Thailand has temporarily cancelled a COVID-19 quarantine waiver for foreign visitors and reinstated its quarantine requirement out of fear that the Omicron variant of the coronavirus will set off new waves of infections.
At the start of November Thailand reopened to fully vaccinated travelers from more than 60 countries, ending 18 months of border closures that gutted the country’s economically vital tourist industry. Under this “test and go” scheme, known officially as Thailand Pass, visitors were required to isolate for a night until they returned a negative COVID-19 test, after which they could travel freely around the country.
But government spokesperson Thanakorn Wangboonkongchana announced yesterday that the scheme will be suspended for at least two weeks to stem the spread of the Omicron variant. “This is not to shut off tourists but to temporarily suspend arrivals,” he said, according to the Associated Press. He added that the decision would be reviewed on January 4.
The spokesperson also announced the suspension of “sandbox” programs that allow visitors to roam around specific destinations while serving their quarantine, except for the resort island of Phuket, where the scheme was first introduced in July.
The 200,000-odd people who have registered for the Thailand Pass scheme but have not yet entered the country will still be permitted to arrive, the spokesperson said, and will be subject to a COVID-19 test on arrival and a second test seven days later. But the government will cease processing new applications under the entry scheme and any new visitors will have to undertake at least 7 days of hotel quarantine at their own expense.
The announcement came a day after Thai health authorities identified the country’s first local transmission of the Omicron variant. Health Minister Anutin Charnvirakul said that Thailand had also found 63 people inbound travelers infected with the Omicron variant.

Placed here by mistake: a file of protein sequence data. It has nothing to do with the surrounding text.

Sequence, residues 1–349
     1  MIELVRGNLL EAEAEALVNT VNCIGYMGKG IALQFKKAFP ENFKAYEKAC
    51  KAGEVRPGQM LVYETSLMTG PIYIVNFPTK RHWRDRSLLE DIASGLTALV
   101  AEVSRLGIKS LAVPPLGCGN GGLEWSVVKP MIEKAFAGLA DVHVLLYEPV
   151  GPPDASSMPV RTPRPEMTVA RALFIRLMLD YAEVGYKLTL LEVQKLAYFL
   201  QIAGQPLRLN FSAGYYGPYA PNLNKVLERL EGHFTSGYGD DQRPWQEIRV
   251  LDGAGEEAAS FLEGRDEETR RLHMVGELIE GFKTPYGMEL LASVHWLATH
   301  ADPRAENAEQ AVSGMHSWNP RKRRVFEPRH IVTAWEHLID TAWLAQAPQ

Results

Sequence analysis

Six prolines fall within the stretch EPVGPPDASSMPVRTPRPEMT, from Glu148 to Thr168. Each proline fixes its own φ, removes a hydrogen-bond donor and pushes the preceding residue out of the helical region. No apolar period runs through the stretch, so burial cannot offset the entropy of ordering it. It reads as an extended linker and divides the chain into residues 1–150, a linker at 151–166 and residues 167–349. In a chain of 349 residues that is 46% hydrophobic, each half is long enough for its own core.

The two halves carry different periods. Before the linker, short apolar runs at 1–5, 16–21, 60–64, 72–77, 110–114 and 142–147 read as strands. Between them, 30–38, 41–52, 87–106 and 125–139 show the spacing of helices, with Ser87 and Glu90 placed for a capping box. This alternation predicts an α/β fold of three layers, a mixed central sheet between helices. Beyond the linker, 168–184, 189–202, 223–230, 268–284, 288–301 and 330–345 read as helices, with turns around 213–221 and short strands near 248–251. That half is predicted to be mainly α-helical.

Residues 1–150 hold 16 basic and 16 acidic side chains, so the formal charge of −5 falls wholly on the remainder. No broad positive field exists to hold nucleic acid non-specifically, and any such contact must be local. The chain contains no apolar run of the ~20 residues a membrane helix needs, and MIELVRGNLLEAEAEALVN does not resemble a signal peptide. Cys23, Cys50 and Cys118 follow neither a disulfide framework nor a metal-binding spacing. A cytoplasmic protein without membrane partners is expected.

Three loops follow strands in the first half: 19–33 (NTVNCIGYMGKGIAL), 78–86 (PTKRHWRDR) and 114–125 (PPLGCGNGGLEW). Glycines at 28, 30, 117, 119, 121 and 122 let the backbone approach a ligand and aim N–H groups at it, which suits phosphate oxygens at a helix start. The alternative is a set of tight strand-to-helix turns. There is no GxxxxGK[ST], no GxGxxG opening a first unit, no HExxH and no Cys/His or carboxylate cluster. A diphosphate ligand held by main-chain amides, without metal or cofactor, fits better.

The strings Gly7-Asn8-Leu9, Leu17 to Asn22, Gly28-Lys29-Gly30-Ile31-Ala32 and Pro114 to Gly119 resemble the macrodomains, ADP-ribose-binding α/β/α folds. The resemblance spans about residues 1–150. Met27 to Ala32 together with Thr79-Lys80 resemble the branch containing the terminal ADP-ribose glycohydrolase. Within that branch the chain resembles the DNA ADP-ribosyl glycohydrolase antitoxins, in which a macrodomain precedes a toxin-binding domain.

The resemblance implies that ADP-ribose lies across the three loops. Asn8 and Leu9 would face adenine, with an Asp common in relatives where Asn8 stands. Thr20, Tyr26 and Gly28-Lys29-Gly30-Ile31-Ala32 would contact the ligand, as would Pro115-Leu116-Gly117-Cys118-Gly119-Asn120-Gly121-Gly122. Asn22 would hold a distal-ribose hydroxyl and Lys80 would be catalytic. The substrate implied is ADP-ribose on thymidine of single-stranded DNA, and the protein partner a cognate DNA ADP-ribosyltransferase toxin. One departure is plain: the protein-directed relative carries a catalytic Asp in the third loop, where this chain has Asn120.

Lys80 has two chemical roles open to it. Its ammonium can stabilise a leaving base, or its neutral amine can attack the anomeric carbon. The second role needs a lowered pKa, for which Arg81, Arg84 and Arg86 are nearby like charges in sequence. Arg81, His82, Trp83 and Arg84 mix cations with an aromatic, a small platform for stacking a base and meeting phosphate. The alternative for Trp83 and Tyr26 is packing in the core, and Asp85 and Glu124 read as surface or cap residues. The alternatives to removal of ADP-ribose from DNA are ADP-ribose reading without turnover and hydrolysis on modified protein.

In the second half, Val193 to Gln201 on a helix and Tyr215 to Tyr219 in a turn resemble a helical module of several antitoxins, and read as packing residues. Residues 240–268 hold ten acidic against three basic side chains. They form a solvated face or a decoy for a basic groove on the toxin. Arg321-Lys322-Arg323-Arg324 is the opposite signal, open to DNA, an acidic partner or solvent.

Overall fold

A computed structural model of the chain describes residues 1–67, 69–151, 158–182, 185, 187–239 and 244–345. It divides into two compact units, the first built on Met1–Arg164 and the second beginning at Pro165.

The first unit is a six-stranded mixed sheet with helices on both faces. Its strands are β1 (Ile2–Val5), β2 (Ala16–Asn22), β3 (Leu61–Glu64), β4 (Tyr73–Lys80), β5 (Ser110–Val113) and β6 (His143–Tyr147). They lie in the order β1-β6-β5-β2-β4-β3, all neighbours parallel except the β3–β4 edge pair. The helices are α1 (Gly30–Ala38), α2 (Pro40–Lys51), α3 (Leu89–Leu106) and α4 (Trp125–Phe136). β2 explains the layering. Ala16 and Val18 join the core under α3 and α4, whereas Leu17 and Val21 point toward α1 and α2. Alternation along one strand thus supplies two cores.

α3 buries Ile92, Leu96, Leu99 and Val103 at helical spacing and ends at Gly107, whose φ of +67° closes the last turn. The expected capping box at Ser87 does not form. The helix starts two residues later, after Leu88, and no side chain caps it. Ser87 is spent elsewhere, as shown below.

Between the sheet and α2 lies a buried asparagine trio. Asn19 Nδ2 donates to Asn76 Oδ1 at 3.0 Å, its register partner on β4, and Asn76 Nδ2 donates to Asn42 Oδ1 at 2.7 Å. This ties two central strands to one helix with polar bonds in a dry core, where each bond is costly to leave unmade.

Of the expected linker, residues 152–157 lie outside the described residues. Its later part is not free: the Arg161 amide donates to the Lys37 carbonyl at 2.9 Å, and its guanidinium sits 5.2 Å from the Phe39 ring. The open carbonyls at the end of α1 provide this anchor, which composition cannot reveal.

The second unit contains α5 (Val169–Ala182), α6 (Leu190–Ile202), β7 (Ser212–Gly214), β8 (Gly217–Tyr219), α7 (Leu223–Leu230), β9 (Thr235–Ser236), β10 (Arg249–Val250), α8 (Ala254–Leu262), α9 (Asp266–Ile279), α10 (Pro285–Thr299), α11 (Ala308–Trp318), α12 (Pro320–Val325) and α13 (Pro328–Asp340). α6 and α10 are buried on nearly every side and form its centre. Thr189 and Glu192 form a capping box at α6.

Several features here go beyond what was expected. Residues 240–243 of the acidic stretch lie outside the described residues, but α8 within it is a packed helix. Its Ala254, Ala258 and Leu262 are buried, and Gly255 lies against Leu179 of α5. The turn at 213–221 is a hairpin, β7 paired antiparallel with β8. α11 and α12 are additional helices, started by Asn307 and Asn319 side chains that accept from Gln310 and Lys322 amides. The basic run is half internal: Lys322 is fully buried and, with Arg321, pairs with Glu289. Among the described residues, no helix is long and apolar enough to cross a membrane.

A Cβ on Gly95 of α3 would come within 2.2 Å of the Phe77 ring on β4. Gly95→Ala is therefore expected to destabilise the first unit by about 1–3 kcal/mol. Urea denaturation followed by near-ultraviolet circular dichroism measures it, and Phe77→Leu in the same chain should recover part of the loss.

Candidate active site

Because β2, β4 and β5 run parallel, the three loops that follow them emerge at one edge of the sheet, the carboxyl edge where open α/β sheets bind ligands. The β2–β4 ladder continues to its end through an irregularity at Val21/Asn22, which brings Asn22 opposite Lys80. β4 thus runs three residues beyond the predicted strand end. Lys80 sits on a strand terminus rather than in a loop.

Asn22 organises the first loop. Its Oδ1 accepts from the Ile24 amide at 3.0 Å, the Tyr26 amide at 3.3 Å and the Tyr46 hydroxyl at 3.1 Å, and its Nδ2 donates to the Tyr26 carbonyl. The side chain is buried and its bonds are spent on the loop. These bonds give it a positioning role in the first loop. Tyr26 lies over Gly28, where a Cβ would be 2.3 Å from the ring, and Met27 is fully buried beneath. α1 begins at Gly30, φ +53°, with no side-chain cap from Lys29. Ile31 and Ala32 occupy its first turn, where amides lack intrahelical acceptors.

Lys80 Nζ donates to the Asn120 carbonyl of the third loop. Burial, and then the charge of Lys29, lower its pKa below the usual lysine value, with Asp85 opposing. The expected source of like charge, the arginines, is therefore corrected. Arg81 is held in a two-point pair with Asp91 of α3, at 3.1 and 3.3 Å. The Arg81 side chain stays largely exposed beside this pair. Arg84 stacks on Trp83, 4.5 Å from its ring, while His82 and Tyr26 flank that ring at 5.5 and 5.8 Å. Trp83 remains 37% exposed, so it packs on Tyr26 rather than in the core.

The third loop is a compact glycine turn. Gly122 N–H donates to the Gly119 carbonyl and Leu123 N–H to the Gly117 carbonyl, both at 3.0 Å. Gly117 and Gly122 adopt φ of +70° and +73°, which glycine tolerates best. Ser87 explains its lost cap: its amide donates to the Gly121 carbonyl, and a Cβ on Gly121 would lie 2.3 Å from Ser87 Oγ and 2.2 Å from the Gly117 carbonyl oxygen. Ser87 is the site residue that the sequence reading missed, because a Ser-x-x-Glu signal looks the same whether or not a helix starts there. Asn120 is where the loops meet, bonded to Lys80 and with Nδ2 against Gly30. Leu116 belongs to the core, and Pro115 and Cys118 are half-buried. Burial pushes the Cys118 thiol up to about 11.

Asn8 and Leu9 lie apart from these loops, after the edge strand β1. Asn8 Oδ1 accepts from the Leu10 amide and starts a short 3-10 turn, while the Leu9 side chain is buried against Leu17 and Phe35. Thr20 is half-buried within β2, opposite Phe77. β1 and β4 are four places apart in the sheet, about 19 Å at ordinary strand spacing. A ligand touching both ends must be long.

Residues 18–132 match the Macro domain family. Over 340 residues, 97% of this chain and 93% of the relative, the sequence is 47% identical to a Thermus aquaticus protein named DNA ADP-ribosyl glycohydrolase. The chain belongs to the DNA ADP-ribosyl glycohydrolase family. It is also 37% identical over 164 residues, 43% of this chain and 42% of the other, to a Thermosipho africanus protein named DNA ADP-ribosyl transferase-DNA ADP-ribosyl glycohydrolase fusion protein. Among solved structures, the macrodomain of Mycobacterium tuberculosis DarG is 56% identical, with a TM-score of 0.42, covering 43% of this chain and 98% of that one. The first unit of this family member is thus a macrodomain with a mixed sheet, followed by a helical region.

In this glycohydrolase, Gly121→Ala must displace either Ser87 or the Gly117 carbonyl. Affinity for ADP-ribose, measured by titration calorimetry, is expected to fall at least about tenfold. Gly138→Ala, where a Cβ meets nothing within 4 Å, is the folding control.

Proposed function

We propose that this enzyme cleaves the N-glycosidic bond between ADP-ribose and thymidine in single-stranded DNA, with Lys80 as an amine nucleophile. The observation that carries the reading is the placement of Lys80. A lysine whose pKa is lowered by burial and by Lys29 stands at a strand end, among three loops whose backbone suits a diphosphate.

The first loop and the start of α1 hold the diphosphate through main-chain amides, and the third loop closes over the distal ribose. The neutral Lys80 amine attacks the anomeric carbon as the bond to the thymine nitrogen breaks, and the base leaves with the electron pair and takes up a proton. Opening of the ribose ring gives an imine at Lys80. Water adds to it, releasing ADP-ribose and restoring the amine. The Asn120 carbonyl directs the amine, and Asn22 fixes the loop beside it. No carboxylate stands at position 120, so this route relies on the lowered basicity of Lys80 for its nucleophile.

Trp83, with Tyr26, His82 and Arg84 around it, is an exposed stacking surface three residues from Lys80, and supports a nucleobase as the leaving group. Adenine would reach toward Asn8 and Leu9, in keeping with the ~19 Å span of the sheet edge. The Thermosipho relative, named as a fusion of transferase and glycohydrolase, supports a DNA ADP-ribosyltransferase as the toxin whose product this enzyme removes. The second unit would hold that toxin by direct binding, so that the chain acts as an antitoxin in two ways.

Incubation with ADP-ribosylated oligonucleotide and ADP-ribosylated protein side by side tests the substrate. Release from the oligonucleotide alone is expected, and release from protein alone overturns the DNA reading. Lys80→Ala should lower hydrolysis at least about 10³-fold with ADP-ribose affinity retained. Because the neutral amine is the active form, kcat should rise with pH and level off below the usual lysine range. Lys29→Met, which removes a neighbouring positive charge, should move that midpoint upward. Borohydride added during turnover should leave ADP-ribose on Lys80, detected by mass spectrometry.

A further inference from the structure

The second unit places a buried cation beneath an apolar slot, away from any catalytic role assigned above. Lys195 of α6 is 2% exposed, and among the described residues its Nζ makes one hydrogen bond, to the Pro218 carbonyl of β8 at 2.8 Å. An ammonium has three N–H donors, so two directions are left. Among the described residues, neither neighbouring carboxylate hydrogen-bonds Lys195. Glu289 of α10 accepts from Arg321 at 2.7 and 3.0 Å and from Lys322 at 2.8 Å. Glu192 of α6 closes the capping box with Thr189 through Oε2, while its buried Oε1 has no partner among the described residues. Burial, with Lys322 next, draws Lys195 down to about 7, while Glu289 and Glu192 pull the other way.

While still relatively contained, the rise of Omicron has thrown up another obstacle into the path of the recovery of Thailand’s tourism sector, a crucial pillar of the country’s economy. Thailand attracted more than 40 million visitors in 2019, a number that dropped precipitously with the advent of COVID-19, contributing to the country’s most severe economic recession since the 1997 Asian financial crisis. Thailand’s economy shrank by 6.1 percent in 2020, according to the Asian Development Bank, which in September downgraded the projected growth for 2021 from 3 percent down to just 0.8 percent.
The reinstitution of mandatory quarantine bucks the generally downward trend of COVID-19 infections in Thailand. The country recorded 2,476 new cases and 32 deaths yesterday, down from a peak of more than 20,000 in August. After a slow start, the country’s vaccination effort has picked up, with 63 percent of the country’s population now fully inoculated, and a further 8.9 percent having received their first dose, including much higher proportions in popular tourist destinations such as Phuket, Bangkok, and Chiang Mai.
While the Omicron variant remains relatively well contained, Thailand’s tourism authorities are assessing, probably correctly, that (another) dose of economic pain in the short term will ensure the sustainability of the country’s reopening. At the same time, it is hard to see an end to the threat posed by COVID-19. With Omicron and untold numbers of future mutations likely to remain a feature of life for the foreseeable future, the coronavirus is set to remain a near-permanent shadow over Thailand’s tourism industry.